The first spacecraft space mission to the International Space Station of the unfortunate accident that occurred in October, which sparked concerns about the spacecraft of the Soviet Council in Moscow, will begin on Monday.
Oleg Kononenko of the Russian Space Agency Roscosmos, NASA's McLane and David Sen Jacques from the Canadian Space Agency have rejected all possible security concerns, saying that the risk is only part of the job.
They will be launched in 1131 GMT on Monday on the Soyuz ship from Baikonur to Kazakhstan for a six-and-a-half-month mission.
The launch comes after the Soyuz rocket with Russian Alexei Ovchinin and US astronaut Nick Hague collapsed on October 11 just minutes after the blast, forcing the guys to make an emergency landing.
They fled unharmed, but the unsuccessful launch was the first such incident in Russia's post-Soviet history and a new setback for the once proud space industry in the country.
Before Monday's launch, the Russian Orthodox priest blessed the spaceship on its flashlight, according to tradition, while the crew calmly talked about the dangers involved.
"The risk is part of our profession," said commanding crew Oleg Kononenko at a news conference in Baikonur on Sunday, adding that "absolutely" confidential teams prepare them for the flight.
"We are psychologically and technically prepared for an explosion and any situation that, God forbid, can happen on the board," said the 54-year-old.
Kononenko added that the crew will conduct a space trip on December 11 as part of an investigation into a mysterious hole that caused air leakage at the IHS.
Ann McLane, a 39-year-old former military pilot, said the crew looks forward to going up.
"We feel very prepared for this," she said.
"Union in My Backyard"
Canadian Saint Jacques, 48, described the Soyuz Space Ship as "incredibly safe".
The accident highlighted "Soyuz's smart design and the incredible work that people looking for and saving here on the ground are ready to make every launch," he said.
Sen-Jacques joked that he had such training before the flight "I felt at the end that I could build an Alliance in my yard."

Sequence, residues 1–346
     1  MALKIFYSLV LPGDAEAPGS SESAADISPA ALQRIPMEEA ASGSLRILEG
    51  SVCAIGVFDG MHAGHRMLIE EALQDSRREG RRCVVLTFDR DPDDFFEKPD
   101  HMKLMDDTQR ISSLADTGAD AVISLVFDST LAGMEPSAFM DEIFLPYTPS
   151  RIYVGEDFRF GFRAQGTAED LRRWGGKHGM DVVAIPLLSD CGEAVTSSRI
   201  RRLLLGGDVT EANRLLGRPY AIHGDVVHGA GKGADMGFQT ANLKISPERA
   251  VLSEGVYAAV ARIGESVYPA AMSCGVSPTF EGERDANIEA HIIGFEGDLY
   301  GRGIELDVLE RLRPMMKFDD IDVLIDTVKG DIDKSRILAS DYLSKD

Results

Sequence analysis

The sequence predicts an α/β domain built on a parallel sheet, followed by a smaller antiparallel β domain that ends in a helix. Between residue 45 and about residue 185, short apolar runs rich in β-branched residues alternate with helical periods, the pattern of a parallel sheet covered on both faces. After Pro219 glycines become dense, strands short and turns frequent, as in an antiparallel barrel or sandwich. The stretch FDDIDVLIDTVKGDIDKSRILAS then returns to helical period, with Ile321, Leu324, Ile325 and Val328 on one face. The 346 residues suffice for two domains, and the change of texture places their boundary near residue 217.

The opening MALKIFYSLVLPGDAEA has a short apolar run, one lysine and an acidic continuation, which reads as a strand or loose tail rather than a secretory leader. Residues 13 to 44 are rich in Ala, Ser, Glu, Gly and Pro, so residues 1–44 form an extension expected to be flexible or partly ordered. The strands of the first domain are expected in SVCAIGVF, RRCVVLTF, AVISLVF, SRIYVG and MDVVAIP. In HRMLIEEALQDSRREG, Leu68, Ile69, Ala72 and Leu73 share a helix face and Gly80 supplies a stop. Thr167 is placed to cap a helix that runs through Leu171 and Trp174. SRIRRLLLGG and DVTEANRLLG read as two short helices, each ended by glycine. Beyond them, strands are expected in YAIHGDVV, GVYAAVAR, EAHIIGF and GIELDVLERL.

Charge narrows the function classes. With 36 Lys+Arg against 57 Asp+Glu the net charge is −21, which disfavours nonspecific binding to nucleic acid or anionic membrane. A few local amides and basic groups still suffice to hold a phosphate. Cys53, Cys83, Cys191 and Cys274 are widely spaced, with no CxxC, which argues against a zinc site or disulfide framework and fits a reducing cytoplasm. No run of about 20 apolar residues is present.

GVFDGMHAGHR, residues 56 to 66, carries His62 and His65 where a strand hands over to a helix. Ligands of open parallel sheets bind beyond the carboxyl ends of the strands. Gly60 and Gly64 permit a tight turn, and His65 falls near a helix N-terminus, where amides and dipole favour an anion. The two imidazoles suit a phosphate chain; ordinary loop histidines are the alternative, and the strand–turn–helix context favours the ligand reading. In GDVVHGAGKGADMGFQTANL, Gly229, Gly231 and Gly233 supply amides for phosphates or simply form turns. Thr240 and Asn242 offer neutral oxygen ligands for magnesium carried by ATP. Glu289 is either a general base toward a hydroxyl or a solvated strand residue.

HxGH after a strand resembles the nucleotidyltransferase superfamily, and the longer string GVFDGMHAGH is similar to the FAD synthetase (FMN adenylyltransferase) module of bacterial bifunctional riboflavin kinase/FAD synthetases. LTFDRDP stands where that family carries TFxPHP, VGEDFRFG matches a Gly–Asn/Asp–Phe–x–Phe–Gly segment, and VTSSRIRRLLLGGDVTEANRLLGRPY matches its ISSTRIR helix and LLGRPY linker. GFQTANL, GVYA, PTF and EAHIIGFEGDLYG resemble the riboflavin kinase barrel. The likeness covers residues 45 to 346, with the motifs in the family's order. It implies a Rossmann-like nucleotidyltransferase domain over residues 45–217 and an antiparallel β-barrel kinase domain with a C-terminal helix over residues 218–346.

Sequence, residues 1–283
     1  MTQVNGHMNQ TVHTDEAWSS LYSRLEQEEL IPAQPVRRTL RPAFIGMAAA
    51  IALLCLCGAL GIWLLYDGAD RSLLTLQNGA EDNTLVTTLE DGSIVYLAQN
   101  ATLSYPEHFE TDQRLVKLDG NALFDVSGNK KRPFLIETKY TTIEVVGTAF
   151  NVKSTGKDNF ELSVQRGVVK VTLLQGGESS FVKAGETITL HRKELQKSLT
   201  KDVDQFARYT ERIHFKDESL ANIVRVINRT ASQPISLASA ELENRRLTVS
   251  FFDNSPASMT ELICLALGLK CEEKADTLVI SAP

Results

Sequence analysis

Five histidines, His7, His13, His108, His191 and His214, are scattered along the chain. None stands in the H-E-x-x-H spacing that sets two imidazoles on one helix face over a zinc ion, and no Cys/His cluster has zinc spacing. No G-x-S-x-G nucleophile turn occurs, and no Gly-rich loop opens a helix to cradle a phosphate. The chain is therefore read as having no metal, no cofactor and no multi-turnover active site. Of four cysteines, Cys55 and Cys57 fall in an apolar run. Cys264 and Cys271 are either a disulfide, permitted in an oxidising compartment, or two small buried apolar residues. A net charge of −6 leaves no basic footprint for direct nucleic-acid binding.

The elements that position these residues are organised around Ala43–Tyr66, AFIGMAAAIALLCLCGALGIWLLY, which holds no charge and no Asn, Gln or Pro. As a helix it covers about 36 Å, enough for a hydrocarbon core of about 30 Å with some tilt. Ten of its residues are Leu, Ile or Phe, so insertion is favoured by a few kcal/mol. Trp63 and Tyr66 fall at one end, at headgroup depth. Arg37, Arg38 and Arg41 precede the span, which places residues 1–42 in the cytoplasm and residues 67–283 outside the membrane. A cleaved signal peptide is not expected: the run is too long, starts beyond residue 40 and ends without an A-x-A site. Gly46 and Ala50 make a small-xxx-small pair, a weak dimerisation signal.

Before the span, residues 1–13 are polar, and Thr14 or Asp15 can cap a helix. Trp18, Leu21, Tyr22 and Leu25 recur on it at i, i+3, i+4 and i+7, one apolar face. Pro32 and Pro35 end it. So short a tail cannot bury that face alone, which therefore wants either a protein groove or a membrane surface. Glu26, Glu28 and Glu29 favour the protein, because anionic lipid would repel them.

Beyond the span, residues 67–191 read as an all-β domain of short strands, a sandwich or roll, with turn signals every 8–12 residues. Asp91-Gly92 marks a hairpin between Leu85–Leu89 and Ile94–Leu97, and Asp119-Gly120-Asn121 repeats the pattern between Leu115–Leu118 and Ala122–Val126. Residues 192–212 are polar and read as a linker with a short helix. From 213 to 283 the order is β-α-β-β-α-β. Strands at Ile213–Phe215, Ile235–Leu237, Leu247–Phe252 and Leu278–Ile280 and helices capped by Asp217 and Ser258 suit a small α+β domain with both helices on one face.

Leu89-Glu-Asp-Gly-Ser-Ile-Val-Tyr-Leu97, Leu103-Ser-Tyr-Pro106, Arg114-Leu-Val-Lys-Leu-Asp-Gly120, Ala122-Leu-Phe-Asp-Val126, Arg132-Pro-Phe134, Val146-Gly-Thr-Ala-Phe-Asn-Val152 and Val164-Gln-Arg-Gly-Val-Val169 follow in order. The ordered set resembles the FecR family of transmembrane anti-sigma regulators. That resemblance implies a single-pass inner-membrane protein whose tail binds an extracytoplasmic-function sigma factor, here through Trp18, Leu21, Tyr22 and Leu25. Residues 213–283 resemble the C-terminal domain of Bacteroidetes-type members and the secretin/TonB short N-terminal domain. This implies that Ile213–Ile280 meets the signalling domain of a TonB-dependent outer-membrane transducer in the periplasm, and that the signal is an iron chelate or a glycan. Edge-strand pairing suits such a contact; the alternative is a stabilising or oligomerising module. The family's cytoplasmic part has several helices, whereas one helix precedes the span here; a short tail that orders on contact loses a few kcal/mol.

From the trio set to reach the ISS six hours after the explosion, the two Sen Jacques and McClain will leave for the first time.
Kononenko begins his fourth mission to add an impressive 533 days in space.
Russia announced last month that the launch failed due to a sensor that was damaged during a Baikonur cosmodrome assembly but insisted that the spacecraft remained safe.
The Soyuz rocket designed by the Soviet Union is currently the only world's lifeline in the ISB.
Sen Jacques will be the first Canadian astronaut to visit the space station by Chris Hudfield, who in 2013 shot the version of the Space Oddity classic of David Bowie.
Canada's general governor and former astronaut Julie Payte are expected to be among high-ranking officials who will oversee the launch on Monday.
"Spacewalking like rugby"
McClane served in Iraq and represented the United States in female rugby.
She said that space training is similar to the sport because it requires "sand, strength, mental focus and much more."
The cooperation between Russia and the United States in space has so far been one of the few areas that have not been affected by the crisis in relations between former Cold War enemies.
But the comments of the combat head of the Russian space agency, Dmitry Rogozin, increasingly raised their eyebrows.
He recently joked that Russia would send a mission to the moon to "confirm" whether any or any NASA observation mission.
In recent years, the Russian space industry burdened with debt has suffered a number of accidents, including the loss of freight spacecraft and satellites.